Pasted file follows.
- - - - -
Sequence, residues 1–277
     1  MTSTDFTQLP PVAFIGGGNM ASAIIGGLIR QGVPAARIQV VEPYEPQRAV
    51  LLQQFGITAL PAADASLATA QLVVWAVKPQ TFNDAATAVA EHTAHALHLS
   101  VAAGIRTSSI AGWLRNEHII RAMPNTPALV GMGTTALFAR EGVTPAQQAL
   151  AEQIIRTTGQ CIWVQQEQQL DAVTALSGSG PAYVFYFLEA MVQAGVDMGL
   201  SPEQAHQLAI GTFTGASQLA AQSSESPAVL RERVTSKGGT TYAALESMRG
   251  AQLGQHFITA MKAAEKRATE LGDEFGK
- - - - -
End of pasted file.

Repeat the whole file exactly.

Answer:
Sequence, residues 1–277
     1  MTSTDFTQLP PVAFIGGGNM ASAIIGGLIR QGVPAARIQV VEPYEPQRAV
    51  LLQQFGITAL PAADASLATA QLVVWAVKPQ TFNDAATAVA EHTAHALHLS
   101  VAAGIRTSSI AGWLRNEHII RAMPNTPALV GMGTTALFAR EGVTPAQQAL
   151  AEQIIRTTGQ CIWVQQEQQL DAVTALSGSG PAYVFYFLEA MVQAGVDMGL
   201  SPEQAHQLAI GTFTGASQLA AQSSESPAVL RERVTSKGGT TYAALESMRG
   251  AQLGQHFITA MKAAEKRATE LGDEFGK